Thousands of athletes are flying in as Indonesia makes final preparations to host the Asian Games — the world’s second biggest multi-sports event, taking place against a backdrop of terrorism fears, environmental concerns and logistical headaches.
Organisers are making reassuring noises about their arrangements but Indonesia has never hosted a sports event on this scale, with 16,000 competitors and officials descending on Jakarta and Palembang, a sleepy port city on Sumatra island.
While the Olympics has a slightly higher number of participants, the Asian Games is ahead in terms of complexity: it has 40 sports, including the full Olympic programme and some lesser-known regional favourites.
Olympic heavyweights China will expect to retain their position at the top of the medals table, ahead of Japan and South Korea — who will march with North Korea at the opening ceremony, and form joint teams in women’s basketball, canoeing and rowing.
However, Saturday’s opening ceremony comes just three months after Indonesia suffered its deadliest terror attack in more than 10 years, when suicide bombers killed 13 people in the nation’s second-biggest city, Surabaya.
Indonesia’s notorious haze from forest fires is another concern, while organisers are hoping to mitigate Jakarta’s grinding traffic with dedicated lanes, banning odd and even licence plate numbers on alternate days and closing schools.
But this time around, chief organiser Erick Thohir, the savvy businessman who is president of Inter Milan, promises that Indonesia will be able to cope.
“There are no problems for the preparation so far,” Thohir said last week. “Even if we have problems we will solve them right there, right then.”
Among those descending on Jakarta were the confident India men’s and women’s hockey teams, who are looking to secure qualification for the 2020 Tokyo Games.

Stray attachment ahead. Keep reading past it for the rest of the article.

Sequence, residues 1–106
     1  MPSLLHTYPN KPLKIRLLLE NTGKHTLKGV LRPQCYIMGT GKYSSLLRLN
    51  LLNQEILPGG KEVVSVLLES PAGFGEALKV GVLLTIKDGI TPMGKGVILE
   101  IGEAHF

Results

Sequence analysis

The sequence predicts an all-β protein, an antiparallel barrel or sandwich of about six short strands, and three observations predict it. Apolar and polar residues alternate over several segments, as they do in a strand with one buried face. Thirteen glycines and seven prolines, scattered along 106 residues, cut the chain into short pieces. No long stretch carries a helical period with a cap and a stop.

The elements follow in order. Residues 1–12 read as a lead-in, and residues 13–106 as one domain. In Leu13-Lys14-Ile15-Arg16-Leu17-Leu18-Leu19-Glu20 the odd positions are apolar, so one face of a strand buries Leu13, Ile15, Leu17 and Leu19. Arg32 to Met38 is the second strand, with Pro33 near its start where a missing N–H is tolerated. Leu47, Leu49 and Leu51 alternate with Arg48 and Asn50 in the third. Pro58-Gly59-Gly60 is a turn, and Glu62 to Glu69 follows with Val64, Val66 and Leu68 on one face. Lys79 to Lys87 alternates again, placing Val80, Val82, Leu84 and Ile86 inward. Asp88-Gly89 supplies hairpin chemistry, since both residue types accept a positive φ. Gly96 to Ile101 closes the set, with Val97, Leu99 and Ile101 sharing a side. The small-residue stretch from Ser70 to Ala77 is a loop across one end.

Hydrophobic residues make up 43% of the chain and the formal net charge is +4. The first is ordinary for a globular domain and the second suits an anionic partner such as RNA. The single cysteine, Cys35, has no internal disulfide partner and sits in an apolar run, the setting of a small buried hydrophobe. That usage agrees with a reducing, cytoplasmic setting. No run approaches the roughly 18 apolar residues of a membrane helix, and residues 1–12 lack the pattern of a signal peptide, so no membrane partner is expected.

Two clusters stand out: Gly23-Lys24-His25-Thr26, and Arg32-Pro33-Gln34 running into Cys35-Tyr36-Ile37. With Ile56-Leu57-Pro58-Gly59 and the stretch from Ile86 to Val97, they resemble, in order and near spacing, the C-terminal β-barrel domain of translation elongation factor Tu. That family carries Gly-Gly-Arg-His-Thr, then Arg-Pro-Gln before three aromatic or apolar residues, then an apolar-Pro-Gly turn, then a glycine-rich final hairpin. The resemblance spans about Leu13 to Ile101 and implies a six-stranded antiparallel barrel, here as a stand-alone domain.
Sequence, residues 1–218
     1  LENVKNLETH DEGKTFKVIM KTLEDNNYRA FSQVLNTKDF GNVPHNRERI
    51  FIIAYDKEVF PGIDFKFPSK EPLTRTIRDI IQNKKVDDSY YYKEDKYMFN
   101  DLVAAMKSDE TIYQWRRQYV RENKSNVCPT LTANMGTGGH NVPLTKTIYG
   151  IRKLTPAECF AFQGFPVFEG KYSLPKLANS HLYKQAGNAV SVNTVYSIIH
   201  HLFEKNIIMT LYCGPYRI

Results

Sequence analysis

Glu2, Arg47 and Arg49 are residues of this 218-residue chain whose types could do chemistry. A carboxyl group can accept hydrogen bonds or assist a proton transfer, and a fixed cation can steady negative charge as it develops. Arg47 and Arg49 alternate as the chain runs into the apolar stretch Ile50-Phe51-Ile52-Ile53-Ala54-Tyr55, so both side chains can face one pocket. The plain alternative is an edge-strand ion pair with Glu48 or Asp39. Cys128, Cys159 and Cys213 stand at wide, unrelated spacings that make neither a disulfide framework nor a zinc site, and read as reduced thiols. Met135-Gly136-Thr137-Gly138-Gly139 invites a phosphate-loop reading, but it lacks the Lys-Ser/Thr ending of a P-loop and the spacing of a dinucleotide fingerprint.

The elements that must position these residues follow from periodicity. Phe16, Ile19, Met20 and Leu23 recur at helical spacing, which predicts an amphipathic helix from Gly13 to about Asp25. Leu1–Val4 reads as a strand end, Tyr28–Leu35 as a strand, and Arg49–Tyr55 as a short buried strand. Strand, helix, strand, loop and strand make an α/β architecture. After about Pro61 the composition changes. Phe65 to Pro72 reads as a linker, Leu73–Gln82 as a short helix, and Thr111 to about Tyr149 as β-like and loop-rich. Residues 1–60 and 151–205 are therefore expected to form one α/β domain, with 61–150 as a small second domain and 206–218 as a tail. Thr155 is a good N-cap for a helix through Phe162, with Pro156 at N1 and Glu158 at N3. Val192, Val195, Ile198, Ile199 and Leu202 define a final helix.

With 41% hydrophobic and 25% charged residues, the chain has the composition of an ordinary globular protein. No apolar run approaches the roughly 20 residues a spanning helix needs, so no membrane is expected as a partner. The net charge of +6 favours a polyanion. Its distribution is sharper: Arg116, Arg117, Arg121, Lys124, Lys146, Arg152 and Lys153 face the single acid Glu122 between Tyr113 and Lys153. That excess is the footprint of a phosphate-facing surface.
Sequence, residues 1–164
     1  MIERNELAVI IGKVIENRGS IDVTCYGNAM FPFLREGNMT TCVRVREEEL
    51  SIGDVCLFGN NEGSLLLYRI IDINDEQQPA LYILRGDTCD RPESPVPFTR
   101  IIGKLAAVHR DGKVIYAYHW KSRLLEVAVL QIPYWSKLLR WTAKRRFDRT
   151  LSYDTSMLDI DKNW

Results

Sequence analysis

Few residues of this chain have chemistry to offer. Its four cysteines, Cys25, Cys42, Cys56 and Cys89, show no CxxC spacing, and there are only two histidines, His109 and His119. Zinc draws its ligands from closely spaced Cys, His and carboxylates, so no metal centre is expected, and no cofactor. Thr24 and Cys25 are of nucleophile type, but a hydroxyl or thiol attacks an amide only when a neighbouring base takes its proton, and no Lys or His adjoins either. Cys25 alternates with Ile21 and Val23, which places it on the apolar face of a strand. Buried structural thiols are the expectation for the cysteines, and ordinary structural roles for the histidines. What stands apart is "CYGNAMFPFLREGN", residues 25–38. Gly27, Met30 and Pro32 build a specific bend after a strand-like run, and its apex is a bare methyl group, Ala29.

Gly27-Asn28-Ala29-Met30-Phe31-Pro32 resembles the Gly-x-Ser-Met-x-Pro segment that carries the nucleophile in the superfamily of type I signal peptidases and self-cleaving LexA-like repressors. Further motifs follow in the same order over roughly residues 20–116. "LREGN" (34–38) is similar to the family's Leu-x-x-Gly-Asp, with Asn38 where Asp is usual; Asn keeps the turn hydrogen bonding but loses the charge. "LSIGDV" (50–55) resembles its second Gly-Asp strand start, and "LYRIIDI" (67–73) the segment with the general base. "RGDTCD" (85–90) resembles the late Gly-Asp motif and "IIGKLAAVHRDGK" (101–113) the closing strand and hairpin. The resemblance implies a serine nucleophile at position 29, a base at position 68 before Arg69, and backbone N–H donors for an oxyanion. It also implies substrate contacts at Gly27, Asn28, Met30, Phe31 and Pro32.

The 18-member women’s team will begin their campaign against hosts Indonesia in their opening match in Pool B clash on August 19, the men’s will begin their title defence against Indonesia on August 20.
Speaking about improving on their bronze medal in 2014, women’s team captain Rani Rampal said: “We are going into the Asian Games after a strong performance in the Women’s World Cup which has given us a lot of confidence.”
“Though we were disappointed that we did not make the semi-finals, winning a gold in the Asian Games will help ease that pain. The team is upbeat, confident and we are eager to further improve our career best World Ranking of No. 9 by winning the Asian Games,” she added.
The women’s team will face South Korea, Thailand, Kazakhstan and Indonesia in Pool B and will have to finish in the top two in the Pool Stage to make the semi-final of the Asian Games.
Meanwhile the men’s team — grouped with Indonesia, South Korea, Japan, Sri Lanka, Hong Kong — will be aiming to defend their title and ensure good momentum as they approach the season finale in November at the Men’s World Cup in Bhubaneswar.
“We had good lead-up to the Asian Games with high intensity training camp in Bengaluru,” said goalkeeper-captain PR Sreejesh. “We also did well in the practice matches against Bangladesh, Korea and New Zealand where we wanted to implement certain changes in goalscoring positions within the striking circle because that was one of the areas we fell behind in the Champions Trophy.
“We have also worked a lot on our penalty corner conversion, penalty corner defending and shoot-outs. Now we just need to execute perfectly in every single match and return home with the Gold.”
Asked who would be India’s toughest opponent this time around, Sreejesh said: “No team can be taken lightly because every single team would come with the mind set of winning the tournament and get direct qualification for Tokyo Olympics.
“However, I feel that with the potential we have in the current team we will be fighting to better our own performance and ensure we play like a champion squad.”